The NYT told readers that:

"A stronger euro blunts the effect of rising prices for oil and other commodities, which are traditionally priced in dollars." Actually, it does not matter at all that the oil and other commodities are priced in dollars, the point is that the euro has gone up in value. If the euro were to rise in value against other currencies then people in the euro zone would pay fewer euros for their oil even if oil was priced in euros.

In this story, the dollar is simply the medium of exchange. Oil is not fixed in price in dollars, the price of oil is fluctuating in dollars and all other currencies. The only question that matters is the value of the euro relative to other currencies, it doesn't matter which currency is the basis for the purchases.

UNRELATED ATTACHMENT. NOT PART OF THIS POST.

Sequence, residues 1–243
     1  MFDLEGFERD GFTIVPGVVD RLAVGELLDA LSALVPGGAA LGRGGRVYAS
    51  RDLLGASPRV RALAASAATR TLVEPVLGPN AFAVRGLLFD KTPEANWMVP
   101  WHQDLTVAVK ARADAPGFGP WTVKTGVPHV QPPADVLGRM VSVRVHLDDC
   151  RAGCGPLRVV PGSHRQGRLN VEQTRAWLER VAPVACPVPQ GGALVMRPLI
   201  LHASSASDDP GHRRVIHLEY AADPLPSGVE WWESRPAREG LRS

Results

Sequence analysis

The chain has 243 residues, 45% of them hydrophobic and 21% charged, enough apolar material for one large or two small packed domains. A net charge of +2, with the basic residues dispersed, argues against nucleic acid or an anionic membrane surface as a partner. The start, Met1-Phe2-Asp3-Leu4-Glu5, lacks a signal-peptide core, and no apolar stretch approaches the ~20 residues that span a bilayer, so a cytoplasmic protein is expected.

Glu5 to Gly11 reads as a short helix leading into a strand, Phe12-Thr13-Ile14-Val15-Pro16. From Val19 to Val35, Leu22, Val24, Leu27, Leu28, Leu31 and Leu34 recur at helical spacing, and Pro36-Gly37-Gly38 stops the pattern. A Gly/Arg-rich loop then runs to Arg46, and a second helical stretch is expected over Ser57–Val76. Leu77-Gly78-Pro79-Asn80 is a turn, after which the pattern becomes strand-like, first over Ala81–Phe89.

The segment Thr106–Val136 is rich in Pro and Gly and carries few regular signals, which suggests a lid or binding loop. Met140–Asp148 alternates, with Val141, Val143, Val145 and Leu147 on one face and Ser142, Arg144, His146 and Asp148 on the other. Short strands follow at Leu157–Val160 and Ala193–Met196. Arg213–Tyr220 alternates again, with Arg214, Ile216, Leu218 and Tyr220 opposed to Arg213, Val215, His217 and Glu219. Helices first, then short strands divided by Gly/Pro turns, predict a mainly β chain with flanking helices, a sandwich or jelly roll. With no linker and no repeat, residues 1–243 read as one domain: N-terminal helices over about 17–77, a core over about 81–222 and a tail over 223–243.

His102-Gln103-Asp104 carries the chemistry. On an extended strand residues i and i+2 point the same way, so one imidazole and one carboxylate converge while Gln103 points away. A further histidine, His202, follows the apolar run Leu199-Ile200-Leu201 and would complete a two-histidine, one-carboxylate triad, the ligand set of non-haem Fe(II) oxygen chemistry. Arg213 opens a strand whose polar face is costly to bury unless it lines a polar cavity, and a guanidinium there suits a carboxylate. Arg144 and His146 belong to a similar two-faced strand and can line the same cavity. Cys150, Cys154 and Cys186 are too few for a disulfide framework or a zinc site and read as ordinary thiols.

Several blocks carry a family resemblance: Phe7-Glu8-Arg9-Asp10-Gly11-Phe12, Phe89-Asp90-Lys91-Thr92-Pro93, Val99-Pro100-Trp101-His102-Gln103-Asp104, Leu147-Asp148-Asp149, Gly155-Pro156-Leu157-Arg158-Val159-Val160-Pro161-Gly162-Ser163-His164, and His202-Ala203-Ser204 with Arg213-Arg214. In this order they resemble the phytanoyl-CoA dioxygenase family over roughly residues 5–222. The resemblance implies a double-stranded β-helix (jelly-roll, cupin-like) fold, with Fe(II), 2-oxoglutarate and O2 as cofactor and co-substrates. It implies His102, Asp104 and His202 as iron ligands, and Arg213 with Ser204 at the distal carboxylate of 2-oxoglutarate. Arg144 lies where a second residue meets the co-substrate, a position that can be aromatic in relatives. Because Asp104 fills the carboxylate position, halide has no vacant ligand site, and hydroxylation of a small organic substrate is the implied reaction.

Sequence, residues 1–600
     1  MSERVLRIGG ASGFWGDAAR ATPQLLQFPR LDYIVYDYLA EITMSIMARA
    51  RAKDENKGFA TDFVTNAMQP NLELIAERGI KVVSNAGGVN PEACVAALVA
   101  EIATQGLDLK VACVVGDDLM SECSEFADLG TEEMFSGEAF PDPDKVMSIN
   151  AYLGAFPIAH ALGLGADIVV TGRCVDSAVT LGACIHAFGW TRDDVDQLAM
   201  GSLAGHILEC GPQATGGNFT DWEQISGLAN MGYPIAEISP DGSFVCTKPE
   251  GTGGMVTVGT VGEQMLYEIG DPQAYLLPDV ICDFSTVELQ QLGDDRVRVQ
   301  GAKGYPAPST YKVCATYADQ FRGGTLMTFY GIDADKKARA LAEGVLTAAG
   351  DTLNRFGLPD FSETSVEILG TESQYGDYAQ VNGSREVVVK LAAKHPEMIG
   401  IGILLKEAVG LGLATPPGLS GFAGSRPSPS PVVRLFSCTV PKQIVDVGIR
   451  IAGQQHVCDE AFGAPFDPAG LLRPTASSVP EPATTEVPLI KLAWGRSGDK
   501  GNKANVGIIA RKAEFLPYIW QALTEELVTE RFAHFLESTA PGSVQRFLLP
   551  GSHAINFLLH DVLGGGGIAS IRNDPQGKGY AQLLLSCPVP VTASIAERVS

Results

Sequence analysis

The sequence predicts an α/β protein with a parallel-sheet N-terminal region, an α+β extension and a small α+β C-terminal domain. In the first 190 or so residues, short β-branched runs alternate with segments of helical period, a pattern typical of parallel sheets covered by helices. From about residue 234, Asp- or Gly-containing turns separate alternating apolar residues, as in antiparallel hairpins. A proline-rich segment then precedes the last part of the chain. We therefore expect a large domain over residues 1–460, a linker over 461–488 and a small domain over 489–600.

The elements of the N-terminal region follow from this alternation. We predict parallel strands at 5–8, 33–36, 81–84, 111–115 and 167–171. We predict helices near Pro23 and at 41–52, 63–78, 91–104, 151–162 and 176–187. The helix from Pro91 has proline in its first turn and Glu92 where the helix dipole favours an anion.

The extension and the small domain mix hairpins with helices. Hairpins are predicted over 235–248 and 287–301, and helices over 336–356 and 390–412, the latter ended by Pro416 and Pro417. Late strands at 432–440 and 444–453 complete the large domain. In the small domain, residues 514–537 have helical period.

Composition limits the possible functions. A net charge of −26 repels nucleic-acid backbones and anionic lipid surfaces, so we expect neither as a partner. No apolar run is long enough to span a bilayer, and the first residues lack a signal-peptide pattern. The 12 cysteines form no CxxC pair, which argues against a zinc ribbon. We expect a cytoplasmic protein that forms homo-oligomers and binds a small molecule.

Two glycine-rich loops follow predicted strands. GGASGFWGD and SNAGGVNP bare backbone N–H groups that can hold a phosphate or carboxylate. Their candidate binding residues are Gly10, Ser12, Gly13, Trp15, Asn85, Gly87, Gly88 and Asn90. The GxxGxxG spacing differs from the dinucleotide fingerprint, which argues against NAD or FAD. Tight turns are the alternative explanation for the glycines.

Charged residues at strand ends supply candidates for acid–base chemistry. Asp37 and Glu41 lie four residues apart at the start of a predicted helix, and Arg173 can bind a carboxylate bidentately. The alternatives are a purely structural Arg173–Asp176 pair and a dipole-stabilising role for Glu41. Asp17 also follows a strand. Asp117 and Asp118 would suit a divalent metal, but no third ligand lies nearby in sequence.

The piece also includes the interesting comment that:

"German wages have not started rising to alarming levels yet, Mr. Chaney said, 'this is something that is on the radar screen.'” It is likely that most people would not be alarmed by the plausible rate of growth for German wages in the near future. The people who would find such wage growth "alarming," are likely a very small subset of NYT readers or people in Europe and the United States.